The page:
A new report launched at IPPR by charity 3FF (The Three Faiths Forum) and education and youth ‘think and action-tank’ LKMco argues for a major shift in education policy and practice about faiths and beliefs, towards a system of ‘intercultural education’.

Drawing on the experience of educational experts working in schools across Britain, the report states that pupils from different backgrounds need to interact with each other to build tolerance and understanding. It proposes several principles for good practice, including:

  • Policymakers need to move beyond ‘multiculturalism’ and towards intercultural education which actually engages with differences between beliefs.
  • Pupils need to be taught skills to deal with controversial issues surrounding belief effectively.
  • Education should tackle challenges different communities are facing, such as inter-religious tensions and prejudice.

The report, “Encountering Faiths and Beliefs: the role of intercultural education in schools and communities” (which can be downloaded here), argues that positive interactions help people bridge cultural divides but cautions against a half-hearted approach.

Lead author Anna Trethewey explains: “Given the sensitive nature of the issues, bad intercultural education can be worse than no intercultural education at all. Our research uncovered examples of poor intercultural education that only reinforced stereotypes or which took an unbalanced and tokenistic approach. In one example, people had invited guests to a synagogue, but were then denied access to a church on a reciprocal visit. In another case, a faith leader preached at their audience and allowed little space for dialogue.”

In contrast, effective Intercultural education brings people together across difference. This means helping pupils recognise commonalities but also supporting them to engage in tough conversations about difference.

The report argues that schools should equip pupils with the language to explore challenging questions and not just learn facts about religious beliefs, but what it is like to live with them; so-called ‘lived belief’. For example, whilst a traditional RE lesson might look at Islamic beliefs around the hijab, the report highlights one session in which a Muslim women explained why she changed her mind about wearing the hijab and what her experiences were like once she began to wear it.

By drawing together intercultural education practitioners’ experience and expertise ‘Encountering Faiths and Beliefs’ shows that a positive responses to the so-called Trojan Horse episode and rising extremism is possible. The report argues for an approach that is not just reactive but which equips people for life in a diverse society.

Tamanda Walker, Training Manager at 3FF: “We live in a multicultural society, but not necessarily an intercultural or an interfaith society. We have communities living together side by side, but how much they interact and the quality of the interaction can really vary.”

3FF Director Stephen Shashoua: “There is an urgent need to promote effective methods for policymakers and educators to better deal with the complex realities around religion and belief. Young people need the skills to successfully navigate and thrive in our diverse society. Through our work in both the UK and Sweden have seen first-hand how intercultural approaches can help shift perceptions, attitudes and behaviours in a more positive direction.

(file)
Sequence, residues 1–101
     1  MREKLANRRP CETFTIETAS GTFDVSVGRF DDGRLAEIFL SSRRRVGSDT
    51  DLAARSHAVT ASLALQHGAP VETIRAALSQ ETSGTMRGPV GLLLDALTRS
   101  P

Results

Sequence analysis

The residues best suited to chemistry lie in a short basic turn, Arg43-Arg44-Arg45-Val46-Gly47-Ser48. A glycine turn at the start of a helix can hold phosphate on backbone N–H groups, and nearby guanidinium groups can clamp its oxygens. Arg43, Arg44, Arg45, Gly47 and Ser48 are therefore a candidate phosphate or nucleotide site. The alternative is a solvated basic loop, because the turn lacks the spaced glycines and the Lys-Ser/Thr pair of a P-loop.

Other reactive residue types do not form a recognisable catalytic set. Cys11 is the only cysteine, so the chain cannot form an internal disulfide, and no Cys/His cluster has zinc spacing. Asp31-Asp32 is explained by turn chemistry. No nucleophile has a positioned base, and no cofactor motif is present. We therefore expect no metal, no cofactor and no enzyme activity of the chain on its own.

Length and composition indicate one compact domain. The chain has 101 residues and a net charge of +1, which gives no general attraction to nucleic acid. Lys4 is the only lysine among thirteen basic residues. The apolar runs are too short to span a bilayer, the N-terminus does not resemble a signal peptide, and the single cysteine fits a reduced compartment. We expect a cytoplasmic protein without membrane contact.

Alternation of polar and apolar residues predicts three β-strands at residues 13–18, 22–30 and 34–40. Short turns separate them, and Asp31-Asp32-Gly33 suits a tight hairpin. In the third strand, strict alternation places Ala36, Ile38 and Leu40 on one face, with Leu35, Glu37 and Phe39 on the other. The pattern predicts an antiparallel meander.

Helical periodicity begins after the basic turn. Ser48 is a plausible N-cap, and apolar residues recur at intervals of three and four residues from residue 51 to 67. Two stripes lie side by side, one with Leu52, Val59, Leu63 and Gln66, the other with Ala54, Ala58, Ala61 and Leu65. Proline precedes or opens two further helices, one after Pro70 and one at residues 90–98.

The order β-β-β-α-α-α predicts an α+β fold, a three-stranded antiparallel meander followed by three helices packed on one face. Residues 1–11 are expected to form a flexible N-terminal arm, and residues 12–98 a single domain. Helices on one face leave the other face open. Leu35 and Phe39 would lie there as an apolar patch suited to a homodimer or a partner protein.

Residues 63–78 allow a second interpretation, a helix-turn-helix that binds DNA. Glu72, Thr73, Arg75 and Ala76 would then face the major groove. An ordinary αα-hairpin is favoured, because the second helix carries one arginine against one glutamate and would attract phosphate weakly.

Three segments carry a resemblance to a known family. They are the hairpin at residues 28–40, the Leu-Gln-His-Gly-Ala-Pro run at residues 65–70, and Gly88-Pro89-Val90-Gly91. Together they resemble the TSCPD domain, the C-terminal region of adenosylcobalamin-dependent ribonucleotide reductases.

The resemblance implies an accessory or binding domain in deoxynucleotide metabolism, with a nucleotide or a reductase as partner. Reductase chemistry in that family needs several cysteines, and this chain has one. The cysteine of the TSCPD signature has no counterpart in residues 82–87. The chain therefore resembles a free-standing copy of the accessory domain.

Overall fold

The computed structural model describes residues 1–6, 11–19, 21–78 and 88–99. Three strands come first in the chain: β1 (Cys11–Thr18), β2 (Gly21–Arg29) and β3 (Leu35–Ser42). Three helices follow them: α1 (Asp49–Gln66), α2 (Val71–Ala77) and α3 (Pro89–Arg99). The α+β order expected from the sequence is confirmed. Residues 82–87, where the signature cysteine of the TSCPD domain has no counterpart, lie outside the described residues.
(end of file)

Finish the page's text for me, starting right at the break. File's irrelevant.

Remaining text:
For more information:

3FF: philip@3ff.org.uk | 0207 482 9535

LKMco: loic@lkmco.org

 

Notes for editors

“Encountering Faiths and Beliefs: the role of Intercultural education in schools and communities” will be launched at the IPPR on Tuesday 7 July as part of a round table featuring:

  • Rt Hon Dominic Grieve QC (Conservative MP for Beaconsfield)
  • Anna Tretheway (Senior Associate and report author, LKMco)
  • Yasmeen Akhtar (Programmes Manager, 3FF)
  • Martha Shaw, Researcher, Faiths and Civil Society Unit, Goldmiths University
  • Stephen Shashoua, Director, 3FF

3FF, the Three Faiths Forum, has worked to build good relations between people of different faiths, beliefs and cultures for nearly twenty years. 3FF creates safe spaces in schools, universities, places of work and worship and the wider community where people can engage with questions of belief and identity and meet people different from themselves.
LKMco is an education and youth ‘think and action-tank’ that believes society has a duty to ensure children and young people receive the support they need in order to make a fulfilling transition to adulthood. LKMco works towards this vision by helping education and youth organisations develop, evaluate and improve their work with young people and by carrying out academic and policy research that is grounded in experience.

Full list of recommendations from the report:

5 lessons for practice

  1. Teach the tools and language to discuss issues sensitively
  2. Focus on personal experience as an individual not as a ‘representative’
  3. Foster dialogue not debate
  4. Tailor the approach to the context and the challenges the community is overcoming
  5. Support participants to reflect on learning and take it into the wider world

4 principles to guide policy

  1. Move beyond multiculturalism towards interculturalism
  2. Develop a ‘tight but loose’ approach that sets goals nationally but supports local solutions backed up by specialist expertise
  3. Promote IE in schools as a way to explore difference and broaden horizons
  4. Make IE’s goals explicit and support the development of evaluation frameworks that can be used in research and good practice sharing.